Account-to-account (A2A) payments is nothing new; bank transfer services have existed for many years and traditionally been used by consumers to schedule regular bill payments, but through open banking and real-time payments, A2A has a genuine opportunity to become a credible rival to the card payment rail for everyday transactions too.
Financial services have undergone a digital transformation which has seen banks move from legacy infrastructure to modern cloud-based technology but payment rails, although evolving, largely rely on traditional card networks. The introduction of open banking allows third parties to initiate payments on behalf of consumers as a registered PISP (payment initiation service provider) and making payments directly from a bank account and potentially reducing fees for merchants, banks and the consumer.
Despite it being early days for A2A payments it has already been identified by payment issuers/acquirers as the number one opportunity of open banking according to Omdia’s ICT Enterprise Survey (ICTEI) 2019/20—a study comprising more than 6,600 interviews of chief information officers (CIOs) and other senior IT decision-makers conducted between July and September 2019.
Bank transfers or Automated Clearing House (ACH) payments are already a popular payment method for online payments and estimated to account for 9% of global ecommerce payments in 2019 according to Worldpay’s 2020 Global Payments Report.
A2A payments could be an unintended beneficiary of SCA
The exponential growth of ecommerce transactions has also caused a surge in payment fraud which remains a critical challenge for banks with the card payment fraud the most common. In the UK alone card fraud totaled £671 million in 2018 representing 56% of total fraud losses according to UK Finance.
In Europe, fraud has been recognised as a huge problem across ecommerce transactions which is why they are implementing strong customer authentication (SCA) as a requirement for all online transactions above €50 from 2021.
SCA requires the consumer to have two forms of authentication in order to process the transaction which could cause friction for consumers. Utilising A2A payment will naturally meet the multi-factor authentication requirements as it requires the consumer to authenticate each individual payment through their banking app. Issuer banks may see a fall in card revenues but a reduction in fraud losses will have a transformative impact on the business model of a retail bank.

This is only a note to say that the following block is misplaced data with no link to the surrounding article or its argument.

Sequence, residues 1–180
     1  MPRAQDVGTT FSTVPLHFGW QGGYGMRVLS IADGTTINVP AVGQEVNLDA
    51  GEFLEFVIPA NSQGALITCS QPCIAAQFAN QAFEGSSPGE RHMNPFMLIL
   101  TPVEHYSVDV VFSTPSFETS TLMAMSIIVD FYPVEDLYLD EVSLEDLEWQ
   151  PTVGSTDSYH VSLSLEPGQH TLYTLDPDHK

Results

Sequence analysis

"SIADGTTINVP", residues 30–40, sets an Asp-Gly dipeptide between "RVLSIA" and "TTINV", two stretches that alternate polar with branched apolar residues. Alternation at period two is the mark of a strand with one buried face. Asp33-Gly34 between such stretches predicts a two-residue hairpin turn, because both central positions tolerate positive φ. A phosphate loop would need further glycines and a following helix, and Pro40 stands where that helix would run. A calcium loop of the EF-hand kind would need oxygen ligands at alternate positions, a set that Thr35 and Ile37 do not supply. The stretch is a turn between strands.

Payments industry is planning for a “cardless” world
Card issuers and networks are understandably reluctant to encourage consumers to adopt alternative payment methods because of the commercial interest in maintaining card revenue. However, it is clear that the legacy technology is not going to meet the needs and demands of the consumer in the future. Change is inevitable, predicated by open banking, which banks, merchants and ultimately consumers will adopt.
Legacy card networks are taking the threat of A2A payments to their existing payment rail business seriously by diversifying their product portfolio with a series of strategic acquisitions and product launches which should indicate to the rest of the industry the direction this is heading.
Mastercard has been quick to recognise the threat to their card payment business with the 2017 acquisition of Vocalink, the UK-based payments system company, and the 2019 purchase of Nets’ A2A payment business – although the acquisition of the Nordic platform is still subject to regulatory approval. American Express launched “Pay by Bank Transfer” in 2019 that enables UK consumers to make real-time payments for goods and services online direct from their bank account utilising open banking technology even if they are not American Express card holders.
The future of banking services will occur at the checkout phase; for example, rather than taking out a personal loan or credit card to afford a holiday before purchasing, consumers will be offered finance options, insurance etc. at the point-of-sale during the checkout process. We have already seen with the explosion of the “buy now, pay later” trend, fronted by the likes of Klarna and Afterpay, that consumer demand is high thus there is no reason why banks can’t pivot their business model to cater for this type of overlay service.
There are already signs that banks are planning for a world that no longer relies on the card network duopoly of Visa/Mastercard, with the Eurozone’s major banks starting an initiative known as PEPSI (Pan-European Payment System Initiative) which looks to implement a standalone digital payments scheme. Account-to-account payments is one of many alternative payment methods that will rise in popularity as the shift away from card payment dominance gathers pace.